With that in mind, what do you think of the latest moves by H-P and NXP? Do these deals signal a boom in corporate confidence and economic growth? Or is it just a case of companies not having anything better to do with their money?
Are you making money from the M&A boom? And do you think there’s still some gas left in tech’s tank? Let me know over at the Money and Markets website.
|Our Readers Speak|
The insanity of negative interest rates, the business acumen of Warren Buffett, and the risk of investing overseas were a few of the many topics you weighed in on at the website.
Reader Tommr noted that bonds are just like any other asset class – they can and do get ridiculously overvalued! His words:
“The real reason that bonds are being issued with negative rates is they are OVER PRICED! The Greater Fool thing is really going crazy here in that these buyers are expecting to sell these bonds at even higher prices! I think most of us know the drill.”
Reader Dave also picked up on that message, pointing out that investors are putting way too much emphasis on the supposed “safety” component of bonds. His view:
“Why are so many people willing to buy negative interest rate bonds? No mystery there: The absolute fixation of loss-obsessed investors (undoubtedly most of the retail market by numbers) on the perceived security of bonds, as opposed to other types of investments. Anyone doubtful about the numbers and obsessiveness of this group has only to look at the average rates of return in investment accounts, on which there has been a considerable amount of research.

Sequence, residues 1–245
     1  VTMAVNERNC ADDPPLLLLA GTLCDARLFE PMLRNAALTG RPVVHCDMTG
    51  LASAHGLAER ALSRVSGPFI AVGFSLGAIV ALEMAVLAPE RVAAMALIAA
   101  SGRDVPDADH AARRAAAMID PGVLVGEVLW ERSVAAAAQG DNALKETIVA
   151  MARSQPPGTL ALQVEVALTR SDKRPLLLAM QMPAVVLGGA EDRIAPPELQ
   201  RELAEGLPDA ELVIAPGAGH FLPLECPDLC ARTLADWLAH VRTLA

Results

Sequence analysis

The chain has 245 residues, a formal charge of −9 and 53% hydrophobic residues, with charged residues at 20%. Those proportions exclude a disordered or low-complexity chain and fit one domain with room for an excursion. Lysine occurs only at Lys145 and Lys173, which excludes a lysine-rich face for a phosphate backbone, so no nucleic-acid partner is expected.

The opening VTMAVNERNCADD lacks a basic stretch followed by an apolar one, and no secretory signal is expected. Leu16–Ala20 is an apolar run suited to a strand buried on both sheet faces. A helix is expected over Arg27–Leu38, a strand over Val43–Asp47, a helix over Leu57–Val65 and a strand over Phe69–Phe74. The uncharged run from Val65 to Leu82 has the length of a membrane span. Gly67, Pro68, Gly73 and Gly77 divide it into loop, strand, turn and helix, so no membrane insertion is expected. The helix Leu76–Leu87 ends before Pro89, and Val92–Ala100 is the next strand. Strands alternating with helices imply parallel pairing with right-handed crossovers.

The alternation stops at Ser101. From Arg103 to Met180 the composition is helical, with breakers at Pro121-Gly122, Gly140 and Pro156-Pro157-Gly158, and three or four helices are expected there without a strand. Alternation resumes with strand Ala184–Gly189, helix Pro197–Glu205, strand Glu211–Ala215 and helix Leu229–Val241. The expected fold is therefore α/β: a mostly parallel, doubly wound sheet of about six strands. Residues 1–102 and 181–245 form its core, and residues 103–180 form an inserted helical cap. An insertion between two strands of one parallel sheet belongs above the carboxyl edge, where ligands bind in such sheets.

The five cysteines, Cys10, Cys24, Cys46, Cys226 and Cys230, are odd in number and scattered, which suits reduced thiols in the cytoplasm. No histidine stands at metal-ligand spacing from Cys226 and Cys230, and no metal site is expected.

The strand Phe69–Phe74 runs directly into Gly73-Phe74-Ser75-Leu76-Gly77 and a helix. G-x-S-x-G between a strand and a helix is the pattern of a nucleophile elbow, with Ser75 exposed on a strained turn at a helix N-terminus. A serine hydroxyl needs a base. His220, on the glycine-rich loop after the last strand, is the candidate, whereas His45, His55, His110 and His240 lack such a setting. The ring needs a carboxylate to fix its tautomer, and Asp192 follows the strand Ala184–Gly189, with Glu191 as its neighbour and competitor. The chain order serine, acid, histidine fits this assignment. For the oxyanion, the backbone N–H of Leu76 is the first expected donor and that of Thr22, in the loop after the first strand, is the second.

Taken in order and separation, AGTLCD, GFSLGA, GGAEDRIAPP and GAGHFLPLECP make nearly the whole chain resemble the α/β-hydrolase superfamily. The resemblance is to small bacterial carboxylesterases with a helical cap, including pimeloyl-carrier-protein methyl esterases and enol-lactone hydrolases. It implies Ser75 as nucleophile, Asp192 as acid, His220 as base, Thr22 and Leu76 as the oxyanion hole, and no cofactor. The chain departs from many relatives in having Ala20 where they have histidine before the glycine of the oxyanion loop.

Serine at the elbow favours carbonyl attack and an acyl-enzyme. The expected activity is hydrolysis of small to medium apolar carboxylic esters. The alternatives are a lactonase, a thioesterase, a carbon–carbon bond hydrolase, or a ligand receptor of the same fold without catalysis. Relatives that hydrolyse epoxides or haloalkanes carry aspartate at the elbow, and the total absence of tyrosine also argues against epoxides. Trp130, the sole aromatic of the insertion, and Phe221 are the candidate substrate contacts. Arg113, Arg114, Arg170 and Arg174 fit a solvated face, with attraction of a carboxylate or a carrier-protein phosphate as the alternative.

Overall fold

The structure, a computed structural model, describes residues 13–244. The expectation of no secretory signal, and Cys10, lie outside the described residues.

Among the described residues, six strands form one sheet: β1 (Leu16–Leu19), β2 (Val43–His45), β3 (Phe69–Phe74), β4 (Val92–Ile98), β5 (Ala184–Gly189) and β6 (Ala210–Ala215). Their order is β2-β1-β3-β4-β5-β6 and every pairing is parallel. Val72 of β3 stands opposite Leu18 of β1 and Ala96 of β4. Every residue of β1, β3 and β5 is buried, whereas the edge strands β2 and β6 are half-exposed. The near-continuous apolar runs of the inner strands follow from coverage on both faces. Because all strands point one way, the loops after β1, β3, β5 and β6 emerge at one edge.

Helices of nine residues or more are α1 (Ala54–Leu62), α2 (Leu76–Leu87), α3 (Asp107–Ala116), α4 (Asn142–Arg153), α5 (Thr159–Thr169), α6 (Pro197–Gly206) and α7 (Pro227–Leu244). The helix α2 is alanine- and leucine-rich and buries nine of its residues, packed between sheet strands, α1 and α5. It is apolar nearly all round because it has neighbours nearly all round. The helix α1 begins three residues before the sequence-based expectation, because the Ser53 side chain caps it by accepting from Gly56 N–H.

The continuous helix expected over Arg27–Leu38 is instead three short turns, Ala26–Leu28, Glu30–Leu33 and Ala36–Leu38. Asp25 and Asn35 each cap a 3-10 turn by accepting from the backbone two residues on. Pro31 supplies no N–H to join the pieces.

“This abysmal state of affairs is no doubt the impetus for services such as yours for the admittedly minority of the population who know the dangers of following the herd. Keep up the good work.”
Thanks for those comments, guys. I agree that bonds are not always and forever “safer” alternatives to other investments. They can and do have risks, and investors paying through the nose for them are failing to appreciate those today!
When it comes to Buffett and the potential for an overseas shopping spree, Reader JoAnne P. said: “Being able to sleep well at night is important to me. At this time and in these ‘times,’ I doubt I would sleep well with much money invested in most of the world across the pond. I’ll stay here if you don’t mind.”
But Reader Chuck B. suggested investors can still look East for potential gains. His comments: “I’m looking at China, as it comes out of its current, slight slump. It has a huge potential domestic market to milk, even without exports, and seems interested in doing something about its terrible pollution problems, at last. Its markets are becoming more open, also, as it becomes more capitalistic than the U.S.”